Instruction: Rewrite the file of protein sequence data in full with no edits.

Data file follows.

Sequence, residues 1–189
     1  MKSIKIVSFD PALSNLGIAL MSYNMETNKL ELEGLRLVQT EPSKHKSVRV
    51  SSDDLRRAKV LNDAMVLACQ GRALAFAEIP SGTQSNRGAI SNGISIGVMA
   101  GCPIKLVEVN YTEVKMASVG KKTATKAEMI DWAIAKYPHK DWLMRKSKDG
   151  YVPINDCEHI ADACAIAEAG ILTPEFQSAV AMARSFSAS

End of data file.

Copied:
Sequence, residues 1–189
     1  MKSIKIVSFD PALSNLGIAL MSYNMETNKL ELEGLRLVQT EPSKHKSVRV
    51  SSDDLRRAKV LNDAMVLACQ GRALAFAEIP SGTQSNRGAI SNGISIGVMA
   101  GCPIKLVEVN YTEVKMASVG KKTATKAEMI DWAIAKYPHK DWLMRKSKDG
   151  YVPINDCEHI ADACAIAEAG ILTPEFQSAV AMARSFSAS